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Nat Mater. 2010 May;9(5):454-60. doi: 10.1038/nmat2742. Epub 2010 Apr 11.

Free-floating ultrathin two-dimensional crystals from sequence-specific peptoid polymers.

Author information

1
Molecular Foundry; National Center for Electron Microscopy, Lawrence Berkeley National Laboratory, Berkeley, California 94720, USA.

Abstract

The design and synthesis of protein-like polymers is a fundamental challenge in materials science. A biomimetic approach is to explore the impact of monomer sequence on non-natural polymer structure and function. We present the aqueous self-assembly of two peptoid polymers into extremely thin two-dimensional (2D) crystalline sheets directed by periodic amphiphilicity, electrostatic recognition and aromatic interactions. Peptoids are sequence-specific, oligo-N-substituted glycine polymers designed to mimic the structure and functionality of proteins. Mixing a 1:1 ratio of two oppositely charged peptoid 36mers of a specific sequence in aqueous solution results in the formation of giant, free-floating sheets with only 2.7 nm thickness. Direct visualization of aligned individual peptoid chains in the sheet structure was achieved using aberration-corrected transmission electron microscopy. Specific binding of a protein to ligand-functionalized sheets was also demonstrated. The synthetic flexibility and biocompatibility of peptoids provide a flexible and robust platform for integrating functionality into defined 2D nanostructures.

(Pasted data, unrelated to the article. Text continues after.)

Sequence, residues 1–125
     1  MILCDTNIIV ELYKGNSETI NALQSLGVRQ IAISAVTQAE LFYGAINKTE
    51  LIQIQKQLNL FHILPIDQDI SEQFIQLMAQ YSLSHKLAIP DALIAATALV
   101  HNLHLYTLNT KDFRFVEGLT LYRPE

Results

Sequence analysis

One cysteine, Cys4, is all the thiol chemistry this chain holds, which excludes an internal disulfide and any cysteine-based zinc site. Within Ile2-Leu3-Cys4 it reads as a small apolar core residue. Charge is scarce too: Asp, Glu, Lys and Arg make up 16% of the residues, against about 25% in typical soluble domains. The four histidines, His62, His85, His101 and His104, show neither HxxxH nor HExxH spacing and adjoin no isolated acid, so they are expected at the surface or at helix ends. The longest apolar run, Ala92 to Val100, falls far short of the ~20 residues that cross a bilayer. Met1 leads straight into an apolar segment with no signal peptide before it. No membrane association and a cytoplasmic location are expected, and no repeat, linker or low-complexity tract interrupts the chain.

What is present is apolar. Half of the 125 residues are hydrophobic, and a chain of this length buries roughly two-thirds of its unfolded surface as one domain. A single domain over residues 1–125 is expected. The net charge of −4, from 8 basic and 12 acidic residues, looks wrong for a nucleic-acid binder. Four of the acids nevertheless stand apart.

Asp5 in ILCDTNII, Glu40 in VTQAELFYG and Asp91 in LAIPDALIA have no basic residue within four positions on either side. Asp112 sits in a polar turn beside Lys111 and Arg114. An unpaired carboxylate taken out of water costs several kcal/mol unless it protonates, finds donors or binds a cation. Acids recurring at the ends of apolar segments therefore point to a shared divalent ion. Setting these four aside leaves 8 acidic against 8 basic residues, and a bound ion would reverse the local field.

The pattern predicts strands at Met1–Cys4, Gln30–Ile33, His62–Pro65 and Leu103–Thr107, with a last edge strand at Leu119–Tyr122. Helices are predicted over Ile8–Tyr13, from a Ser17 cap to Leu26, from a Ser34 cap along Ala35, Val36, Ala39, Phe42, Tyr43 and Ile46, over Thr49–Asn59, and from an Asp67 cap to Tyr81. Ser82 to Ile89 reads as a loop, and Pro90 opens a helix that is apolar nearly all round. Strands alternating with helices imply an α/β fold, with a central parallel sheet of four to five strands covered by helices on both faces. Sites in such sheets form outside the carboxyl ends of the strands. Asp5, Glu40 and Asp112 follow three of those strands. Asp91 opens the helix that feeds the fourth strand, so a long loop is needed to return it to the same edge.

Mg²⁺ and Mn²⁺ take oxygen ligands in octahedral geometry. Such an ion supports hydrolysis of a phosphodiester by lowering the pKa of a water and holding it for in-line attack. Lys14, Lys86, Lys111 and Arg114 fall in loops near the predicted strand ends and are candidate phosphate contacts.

PMID:
20383129
DOI:
10.1038/nmat2742
[Indexed for MEDLINE]

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